An odd thing psychopaths share with religious people is that they are both more sadistic, even though religious people are less psychopathic on average. Sadism makes strange bedfellows.
Pupils of nuns in Catholic Schools of the mid-twentieth century have attested to sadism being commonplace. However, I can’t say how their levels of sadism compare with that of psychopaths.
Religious people tend to be more honest and humble. Psychopaths score very low on honesty-humility on the HEXACO personality scale (honesty-humility, emotionality, extraversion, agreeableness, conscientiousness, and openness to experience), which incorporates these two traits as a kind of opposite of psychopathy and narcissism. Many virtues have been found to negatively correlate with psychopathy on it:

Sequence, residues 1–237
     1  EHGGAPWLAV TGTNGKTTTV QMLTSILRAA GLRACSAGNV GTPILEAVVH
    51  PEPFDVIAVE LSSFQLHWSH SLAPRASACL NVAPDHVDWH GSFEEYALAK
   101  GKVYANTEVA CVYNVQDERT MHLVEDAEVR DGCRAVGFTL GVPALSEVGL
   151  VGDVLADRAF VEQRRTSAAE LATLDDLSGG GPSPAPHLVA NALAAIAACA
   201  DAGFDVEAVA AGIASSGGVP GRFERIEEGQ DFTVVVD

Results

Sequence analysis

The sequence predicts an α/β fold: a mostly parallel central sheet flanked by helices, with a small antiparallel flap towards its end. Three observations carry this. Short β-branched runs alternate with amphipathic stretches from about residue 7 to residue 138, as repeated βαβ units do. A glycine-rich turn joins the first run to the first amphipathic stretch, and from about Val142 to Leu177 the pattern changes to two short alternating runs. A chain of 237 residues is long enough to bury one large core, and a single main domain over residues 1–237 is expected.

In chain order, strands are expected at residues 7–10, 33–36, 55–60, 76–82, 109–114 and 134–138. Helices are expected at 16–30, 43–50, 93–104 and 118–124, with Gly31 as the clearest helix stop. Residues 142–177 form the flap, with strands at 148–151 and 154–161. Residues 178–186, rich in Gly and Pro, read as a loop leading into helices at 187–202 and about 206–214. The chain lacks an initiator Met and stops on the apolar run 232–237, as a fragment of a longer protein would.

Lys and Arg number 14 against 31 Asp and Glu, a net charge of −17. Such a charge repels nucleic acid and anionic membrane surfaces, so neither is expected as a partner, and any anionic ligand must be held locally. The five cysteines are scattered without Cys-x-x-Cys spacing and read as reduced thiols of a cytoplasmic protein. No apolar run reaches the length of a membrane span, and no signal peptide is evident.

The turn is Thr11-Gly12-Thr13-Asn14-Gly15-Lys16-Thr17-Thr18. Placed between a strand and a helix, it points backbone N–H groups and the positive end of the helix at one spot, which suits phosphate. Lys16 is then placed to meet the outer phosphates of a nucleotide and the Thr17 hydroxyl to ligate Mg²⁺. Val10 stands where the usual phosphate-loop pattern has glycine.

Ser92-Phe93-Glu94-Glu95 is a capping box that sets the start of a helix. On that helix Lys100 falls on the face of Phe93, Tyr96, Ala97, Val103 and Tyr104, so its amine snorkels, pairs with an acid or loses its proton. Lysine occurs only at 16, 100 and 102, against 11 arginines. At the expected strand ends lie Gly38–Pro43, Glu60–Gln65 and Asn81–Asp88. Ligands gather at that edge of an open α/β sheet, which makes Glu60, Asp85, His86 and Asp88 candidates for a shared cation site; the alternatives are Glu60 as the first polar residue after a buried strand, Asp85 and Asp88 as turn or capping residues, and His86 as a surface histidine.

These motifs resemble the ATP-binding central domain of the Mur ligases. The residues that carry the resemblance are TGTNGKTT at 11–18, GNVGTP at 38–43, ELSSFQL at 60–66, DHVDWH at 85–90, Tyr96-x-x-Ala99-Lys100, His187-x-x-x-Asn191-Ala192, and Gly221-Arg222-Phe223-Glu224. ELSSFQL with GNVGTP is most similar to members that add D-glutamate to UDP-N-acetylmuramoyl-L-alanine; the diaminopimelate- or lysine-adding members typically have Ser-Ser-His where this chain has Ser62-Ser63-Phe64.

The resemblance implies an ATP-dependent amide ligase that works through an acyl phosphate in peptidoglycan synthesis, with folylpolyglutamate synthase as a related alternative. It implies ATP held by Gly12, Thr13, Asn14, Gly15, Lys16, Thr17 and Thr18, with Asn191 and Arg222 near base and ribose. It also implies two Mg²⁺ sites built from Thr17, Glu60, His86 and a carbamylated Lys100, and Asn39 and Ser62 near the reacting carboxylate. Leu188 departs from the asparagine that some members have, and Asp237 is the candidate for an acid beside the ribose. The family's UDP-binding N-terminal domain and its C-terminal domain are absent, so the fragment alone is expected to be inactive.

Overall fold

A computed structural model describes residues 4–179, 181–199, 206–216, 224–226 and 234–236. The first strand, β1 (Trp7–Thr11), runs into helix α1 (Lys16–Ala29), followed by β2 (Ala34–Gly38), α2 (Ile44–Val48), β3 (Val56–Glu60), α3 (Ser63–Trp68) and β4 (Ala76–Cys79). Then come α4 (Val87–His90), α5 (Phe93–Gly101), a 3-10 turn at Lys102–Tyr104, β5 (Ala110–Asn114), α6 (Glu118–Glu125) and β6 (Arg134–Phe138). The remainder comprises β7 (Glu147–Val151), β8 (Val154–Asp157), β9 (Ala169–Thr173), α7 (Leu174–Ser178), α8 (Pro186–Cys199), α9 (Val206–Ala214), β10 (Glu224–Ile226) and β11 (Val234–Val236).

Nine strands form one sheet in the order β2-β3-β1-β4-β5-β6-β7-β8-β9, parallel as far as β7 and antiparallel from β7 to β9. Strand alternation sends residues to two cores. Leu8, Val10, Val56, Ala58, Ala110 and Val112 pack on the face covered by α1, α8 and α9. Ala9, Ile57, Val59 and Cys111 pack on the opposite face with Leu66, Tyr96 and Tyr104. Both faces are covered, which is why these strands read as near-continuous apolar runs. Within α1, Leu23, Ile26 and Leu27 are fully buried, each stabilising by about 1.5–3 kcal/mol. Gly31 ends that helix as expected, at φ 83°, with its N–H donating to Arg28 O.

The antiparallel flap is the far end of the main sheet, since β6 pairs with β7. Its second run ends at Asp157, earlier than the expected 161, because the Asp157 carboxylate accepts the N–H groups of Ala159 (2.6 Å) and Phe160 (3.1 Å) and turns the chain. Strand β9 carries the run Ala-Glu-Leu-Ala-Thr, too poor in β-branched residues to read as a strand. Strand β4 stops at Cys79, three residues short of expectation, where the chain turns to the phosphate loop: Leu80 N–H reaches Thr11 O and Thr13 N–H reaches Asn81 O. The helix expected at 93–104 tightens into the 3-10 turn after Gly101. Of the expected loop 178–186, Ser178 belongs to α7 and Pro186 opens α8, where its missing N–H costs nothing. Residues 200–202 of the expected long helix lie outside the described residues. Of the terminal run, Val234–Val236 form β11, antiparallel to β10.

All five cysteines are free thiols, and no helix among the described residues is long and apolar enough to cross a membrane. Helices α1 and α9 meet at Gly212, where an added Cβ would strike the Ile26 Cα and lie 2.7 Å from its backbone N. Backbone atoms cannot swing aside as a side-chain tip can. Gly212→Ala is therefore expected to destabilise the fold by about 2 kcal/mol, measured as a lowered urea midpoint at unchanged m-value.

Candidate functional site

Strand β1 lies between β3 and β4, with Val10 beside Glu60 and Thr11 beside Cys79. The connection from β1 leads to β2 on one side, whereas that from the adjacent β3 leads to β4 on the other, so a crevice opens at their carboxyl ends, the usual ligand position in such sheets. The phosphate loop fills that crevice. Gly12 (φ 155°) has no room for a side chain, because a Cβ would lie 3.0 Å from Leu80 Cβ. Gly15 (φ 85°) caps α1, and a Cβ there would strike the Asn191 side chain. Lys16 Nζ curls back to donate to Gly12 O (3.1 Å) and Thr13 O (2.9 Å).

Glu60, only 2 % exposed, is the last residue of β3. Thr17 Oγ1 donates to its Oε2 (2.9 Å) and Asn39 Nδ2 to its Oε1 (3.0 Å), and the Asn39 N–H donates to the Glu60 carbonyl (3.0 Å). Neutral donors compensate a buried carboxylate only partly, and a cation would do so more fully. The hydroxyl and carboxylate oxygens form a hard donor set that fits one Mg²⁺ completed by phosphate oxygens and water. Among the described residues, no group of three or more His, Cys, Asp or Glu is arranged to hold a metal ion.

Honesty, humility, diligence, a tendency to forgive others, sincerity, concern with interpersonal justice and fairness, straightforwardness, contrition over wrongdoing, mercifulness, compassion, self-reliance, self-control, piety, fidelity, selflessness, altruism, modesty, prudence, responsibility, and having realistic long-term goals.
Men displaying these virtues may not be the most charming, but they’re ideal partners for long-term monogamous relationships.
Psychopathy is virtually synonymous with the Christian concept of sin, since psychopaths would seem more likely to break all ten commandments more often given that they are more likely to go to jail for murder, sex crimes, theft, perjury, fraud, embezzlement, and so on. They also seem to be deficient in Christ’s fruits of the spirit (love, joy, peace, patience, kindness, goodness, gentleness, faithfulness, and self-control), since they are more vengeful, unhappy, emotionally dysregulated, impulsive, calloused, deviant, sadistic, adulterous, and emotionally dysregulated.